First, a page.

More hysteria from Geithner on raising the debt ceiling, predicting double-dip recession
Social Security 20.04%
Medicaid and Children's health insurance 7.28%
Federal Law Enforcement and Immigration 0.81%
Veterans benefits 3.26%
Response to natural disasters 0.4%
Total 70.23% -- this would imply a small surplus or allow some other spending on "crucial" operations
A default would be bad, but failure to lift the debt ceiling does not come close to meaning a default will occur. This type of fear mongering is irresponsible.
Treasury Secretary Tim Geithner said if Congress fails to lift the debt ceiling and the U.S. defaults on its obligations “this abrupt contraction would likely push us into a double dip recession,” painting the most explicitly dire prediction to date of the consequences of inaction.
In a heavily-anticipated response to Sen. Michael Bennet, D-Colo., who asked Geithner to document the economic and fiscal impacts of failing to lift the statutory debt limit, the Treasury secretary detailed a chain reaction that would cripple the economy, costing jobs and income.
“A default would inflict catastrophic far-reaching damage on our nation’s economy, significantly reducing growth and increasing unemployment,” said Geithner in the letter to Bennet which was dated May 13. “Even a short-term default could cause irrevocable damage to the economy."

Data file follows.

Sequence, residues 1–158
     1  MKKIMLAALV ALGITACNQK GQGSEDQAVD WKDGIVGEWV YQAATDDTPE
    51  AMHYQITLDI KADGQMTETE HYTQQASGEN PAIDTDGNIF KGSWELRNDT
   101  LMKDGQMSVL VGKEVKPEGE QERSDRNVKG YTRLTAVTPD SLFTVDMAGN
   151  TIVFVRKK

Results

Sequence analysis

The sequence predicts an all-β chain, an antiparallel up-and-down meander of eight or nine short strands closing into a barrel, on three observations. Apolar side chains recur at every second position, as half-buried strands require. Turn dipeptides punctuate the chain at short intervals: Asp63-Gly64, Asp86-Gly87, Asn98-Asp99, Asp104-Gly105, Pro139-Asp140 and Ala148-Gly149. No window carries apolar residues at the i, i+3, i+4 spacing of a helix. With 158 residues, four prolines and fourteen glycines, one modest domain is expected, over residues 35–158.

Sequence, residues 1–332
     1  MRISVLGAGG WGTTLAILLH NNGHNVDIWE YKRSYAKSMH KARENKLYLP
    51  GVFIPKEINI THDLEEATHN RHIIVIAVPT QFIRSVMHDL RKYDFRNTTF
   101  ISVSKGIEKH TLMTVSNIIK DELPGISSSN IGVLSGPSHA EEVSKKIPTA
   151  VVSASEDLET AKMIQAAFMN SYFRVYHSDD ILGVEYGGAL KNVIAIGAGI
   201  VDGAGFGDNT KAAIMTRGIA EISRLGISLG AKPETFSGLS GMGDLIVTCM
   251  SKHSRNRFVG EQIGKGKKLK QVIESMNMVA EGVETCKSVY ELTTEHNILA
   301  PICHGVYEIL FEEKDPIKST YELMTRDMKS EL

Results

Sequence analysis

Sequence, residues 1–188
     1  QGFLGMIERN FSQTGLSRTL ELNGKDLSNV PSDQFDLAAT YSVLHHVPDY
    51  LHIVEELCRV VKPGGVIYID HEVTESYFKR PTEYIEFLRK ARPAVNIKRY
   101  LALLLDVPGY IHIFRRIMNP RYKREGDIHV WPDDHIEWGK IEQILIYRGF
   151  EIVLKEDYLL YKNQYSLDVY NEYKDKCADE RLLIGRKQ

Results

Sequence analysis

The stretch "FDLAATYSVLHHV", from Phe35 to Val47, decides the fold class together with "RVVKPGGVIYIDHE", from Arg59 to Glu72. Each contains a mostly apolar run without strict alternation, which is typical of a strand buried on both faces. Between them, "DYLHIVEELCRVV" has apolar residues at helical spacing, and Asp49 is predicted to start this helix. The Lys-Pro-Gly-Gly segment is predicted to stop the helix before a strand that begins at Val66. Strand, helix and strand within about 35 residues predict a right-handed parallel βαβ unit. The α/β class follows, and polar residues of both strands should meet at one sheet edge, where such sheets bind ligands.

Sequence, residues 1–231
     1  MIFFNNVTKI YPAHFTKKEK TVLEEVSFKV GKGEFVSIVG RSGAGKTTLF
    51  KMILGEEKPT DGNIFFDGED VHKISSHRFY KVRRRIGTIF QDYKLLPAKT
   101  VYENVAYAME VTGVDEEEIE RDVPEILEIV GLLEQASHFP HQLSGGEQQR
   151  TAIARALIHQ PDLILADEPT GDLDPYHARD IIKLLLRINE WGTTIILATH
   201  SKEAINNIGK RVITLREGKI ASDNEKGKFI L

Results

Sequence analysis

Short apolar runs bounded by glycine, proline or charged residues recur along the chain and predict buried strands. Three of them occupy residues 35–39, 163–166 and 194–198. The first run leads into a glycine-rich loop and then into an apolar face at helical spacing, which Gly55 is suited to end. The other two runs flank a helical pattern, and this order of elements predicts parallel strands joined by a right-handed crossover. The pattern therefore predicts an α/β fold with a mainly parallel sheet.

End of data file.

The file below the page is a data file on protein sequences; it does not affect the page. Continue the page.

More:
Geithner has imposed an August deadline for Congress to lift the $14.3 trillion debt ceiling, but lawmakers are still negotiating over Republican demands to tie the move to spending cuts. And a portion of the GOP still remains skeptical about the need to act by the deadline at all, arguing that the consequences have been overstates.
In the letter Geithner walked through the doomsday scenario he has been describing on the Hill. Default would cast doubt on the full faith and credit of the U.S., which would scare away investors and enable those remaining to demand higher interest rates on Treasury securities, which would have far-reaching negative ramifications. Increased borrowing costs would extend to families, businesses, and local governments, he said. . . .
So what impact did the previous big shutdown have on GDP during the fourth quarter of 1995 and the first quarter of 1996? If you can see a negative impact on national income, you have a better eye than I do (see graph here).